You are the owner of this article.
You have permission to edit this article.
Edit
alert

'There isn't enough transparency:' OU Law students critique administrative response to 'mass exposure'

  • Updated
  • 1
  • 3 min to read
OU College of Law (copy)

The OU College of Law.

An OU Law student posted a Twitter thread Sunday evening criticizing the OU College of Law leadership for not informing students of a 'mass exposure' event in the college.

Ben Anderson, a second-year law student, tweeted several screenshots Sunday evening which show an email from Brent Dishman, the OU College of Law's assistant dean of student affairs.

The email was sent only to first-year law students, Anderson said, and stated the administration was aware of what Dishman referred to as a "COVID-19 mass exposure event."

In the screenshots, one student admitted to attending the gathering after displaying symptoms earlier in the week and testing positive for COVID-19 after the gathering. The student says they have not been to the college since testing positive.

"The lack of communication about possible positives in our incredibly small part of campus is deeply disturbing," Anderson wrote in a tweet. "We deserve to know when things like this happen. People are scared, people are at risk, families are at risk. We are not asking that you identify students, just cases."

In the email, Dishman encourages students involved with the event  to "re-accomplish" the university's COVID-19 screening tool. Anderson said until early Monday morning, students outside of the first-year class were not informed of the event by administrators. An email alert has since been sent to all OU law students.

Since his tweets, Anderson said he has been contacted by college administrators and will have a meeting this afternoon.

"We all knew we'd be taking a little heat from this," Anderson said. "Pointing out administrative failures as you see them doesn't necessarily make people happy."

Anderson said he felt the need to post the information on social media after concerned OU law students became frustrated with the college's lack of communication.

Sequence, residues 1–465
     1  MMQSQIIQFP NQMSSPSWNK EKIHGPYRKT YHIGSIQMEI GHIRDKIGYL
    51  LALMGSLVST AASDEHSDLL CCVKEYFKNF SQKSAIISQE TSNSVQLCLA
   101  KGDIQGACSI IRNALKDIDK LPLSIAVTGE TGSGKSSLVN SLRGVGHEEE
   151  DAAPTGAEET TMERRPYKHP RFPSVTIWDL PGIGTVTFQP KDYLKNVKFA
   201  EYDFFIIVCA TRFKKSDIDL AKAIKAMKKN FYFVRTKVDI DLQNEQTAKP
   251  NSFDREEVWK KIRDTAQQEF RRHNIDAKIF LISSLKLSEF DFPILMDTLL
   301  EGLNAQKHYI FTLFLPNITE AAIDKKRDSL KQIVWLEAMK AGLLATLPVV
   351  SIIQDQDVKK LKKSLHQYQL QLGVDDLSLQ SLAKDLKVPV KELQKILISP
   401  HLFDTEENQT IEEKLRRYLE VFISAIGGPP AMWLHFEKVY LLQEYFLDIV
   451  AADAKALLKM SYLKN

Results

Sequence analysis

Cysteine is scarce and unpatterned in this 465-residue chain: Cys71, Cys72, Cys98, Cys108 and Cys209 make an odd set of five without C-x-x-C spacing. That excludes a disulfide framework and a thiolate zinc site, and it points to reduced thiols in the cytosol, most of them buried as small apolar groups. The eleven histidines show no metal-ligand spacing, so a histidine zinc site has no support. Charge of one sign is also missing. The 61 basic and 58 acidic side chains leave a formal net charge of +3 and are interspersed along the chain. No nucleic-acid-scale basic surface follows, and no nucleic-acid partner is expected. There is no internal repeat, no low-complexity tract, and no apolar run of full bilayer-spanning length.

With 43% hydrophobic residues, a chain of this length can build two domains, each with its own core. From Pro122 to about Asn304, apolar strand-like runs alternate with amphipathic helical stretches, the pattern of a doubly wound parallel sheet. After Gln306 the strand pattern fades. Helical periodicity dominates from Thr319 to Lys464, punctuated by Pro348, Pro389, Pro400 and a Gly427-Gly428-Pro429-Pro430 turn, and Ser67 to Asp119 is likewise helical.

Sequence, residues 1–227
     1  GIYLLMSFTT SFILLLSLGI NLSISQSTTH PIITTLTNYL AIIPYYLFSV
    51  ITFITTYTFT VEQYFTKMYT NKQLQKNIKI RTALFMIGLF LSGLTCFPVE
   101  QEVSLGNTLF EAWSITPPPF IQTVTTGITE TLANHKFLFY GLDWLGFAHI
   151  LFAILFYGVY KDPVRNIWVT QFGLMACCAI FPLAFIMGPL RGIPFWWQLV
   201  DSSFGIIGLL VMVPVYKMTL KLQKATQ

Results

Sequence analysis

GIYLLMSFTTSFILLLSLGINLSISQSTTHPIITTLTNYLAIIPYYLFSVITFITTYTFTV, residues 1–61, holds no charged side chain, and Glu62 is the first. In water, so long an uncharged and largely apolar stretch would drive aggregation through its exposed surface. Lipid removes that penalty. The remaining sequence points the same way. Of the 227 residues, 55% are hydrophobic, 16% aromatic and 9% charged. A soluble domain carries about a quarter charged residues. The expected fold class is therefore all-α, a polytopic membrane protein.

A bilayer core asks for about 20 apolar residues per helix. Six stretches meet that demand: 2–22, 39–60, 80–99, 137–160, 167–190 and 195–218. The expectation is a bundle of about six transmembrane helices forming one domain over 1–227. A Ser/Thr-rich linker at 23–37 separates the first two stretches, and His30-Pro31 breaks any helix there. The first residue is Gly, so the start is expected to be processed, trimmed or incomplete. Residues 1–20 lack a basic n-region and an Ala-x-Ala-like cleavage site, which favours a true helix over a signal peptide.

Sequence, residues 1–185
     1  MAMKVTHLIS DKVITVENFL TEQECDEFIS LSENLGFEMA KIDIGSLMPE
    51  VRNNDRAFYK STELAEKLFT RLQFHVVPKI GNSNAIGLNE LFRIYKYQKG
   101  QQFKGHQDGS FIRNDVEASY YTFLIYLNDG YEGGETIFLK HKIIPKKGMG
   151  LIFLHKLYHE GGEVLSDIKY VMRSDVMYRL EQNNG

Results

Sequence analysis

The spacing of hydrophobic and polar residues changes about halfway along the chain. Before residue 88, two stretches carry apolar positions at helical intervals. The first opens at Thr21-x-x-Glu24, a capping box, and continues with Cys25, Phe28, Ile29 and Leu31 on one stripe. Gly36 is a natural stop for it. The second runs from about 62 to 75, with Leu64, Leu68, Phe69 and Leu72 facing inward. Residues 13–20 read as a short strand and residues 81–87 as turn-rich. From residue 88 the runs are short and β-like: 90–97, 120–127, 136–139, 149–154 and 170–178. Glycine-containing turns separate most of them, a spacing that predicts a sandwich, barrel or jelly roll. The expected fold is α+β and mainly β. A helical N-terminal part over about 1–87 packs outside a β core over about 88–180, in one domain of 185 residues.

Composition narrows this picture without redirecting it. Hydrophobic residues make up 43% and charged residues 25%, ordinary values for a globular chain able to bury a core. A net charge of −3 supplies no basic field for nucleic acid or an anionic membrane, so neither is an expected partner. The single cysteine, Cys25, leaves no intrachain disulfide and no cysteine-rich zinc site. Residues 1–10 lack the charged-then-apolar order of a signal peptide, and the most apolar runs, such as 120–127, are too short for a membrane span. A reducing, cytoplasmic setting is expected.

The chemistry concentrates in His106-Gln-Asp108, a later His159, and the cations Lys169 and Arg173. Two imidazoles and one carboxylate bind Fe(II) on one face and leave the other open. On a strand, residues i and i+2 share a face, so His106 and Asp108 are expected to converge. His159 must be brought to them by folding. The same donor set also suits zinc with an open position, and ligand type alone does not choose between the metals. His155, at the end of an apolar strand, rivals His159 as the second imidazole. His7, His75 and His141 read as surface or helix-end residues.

"We were getting to the point where we felt as a group, me included, that there just wasn't enough transparency," Anderson said. "There isn't enough transparency. We don't agree with the policies the university has put forth, we don't agree that anyone who doesn't want to be on campus should be forced to."

Anderson said while he and other law students recognize the university's efforts to combat the spread of COVID-19, he feels it "just isn't enough."

At 5:14 p.m. on Aug. 31, Dishman released official comments from the OU College of Law.

"I was informed Sunday evening that a group of first year (1L) law students attended a house party where a non-law student was positive for COVID-19," Dishman wrote in the email. "Upon hearing this, I sent an email to the 1L class reminding them of their responsibility to complete the return to campus screening tool and follow all directions received thereafter before returning to class."

Dishman wrote faculty who teach first-year law students were also informed of the event. After the first email was sent to first year students, Dishman wrote second and third-year students informed him of "their classmates behaving in a similar fashion" which led to "an email similar to the one sent to 1Ls" being sent to "the entire law school community."

"We are taking numerous precautions to prevent the spread of COVID-19 at the College of Law, but ultimately our ability to continue with in-person instruction will depend on our collective commitment to protecting each other and ourselves," Dishman wrote. "Our students have followed all in-building precautions, and we know that they appreciate the need to act toward the common good."

Editor's note: This post was updated at 9: a.m. on Aug. 1 to include official comments from the OU College of Law.

Support independent journalism serving OU

Do you appreciate the work we do as the only independent media outlet dedicated to serving OU students, faculty, staff and alumni on campus and around the world for more than 100 years?

Then consider helping fund our endeavors. Around the world, communities are grappling with what journalism is worth and how to fund the civic good that robust news organizations can generate. We believe The OU Daily and Crimson Quarterly magazine provide real value to this community both now by covering OU, and tomorrow by helping launch the careers of media professionals.

If you’re able, please SUPPORT US TODAY FOR AS LITTLE AS $1. You can make a one-time donation or a recurring pledge.

Load comments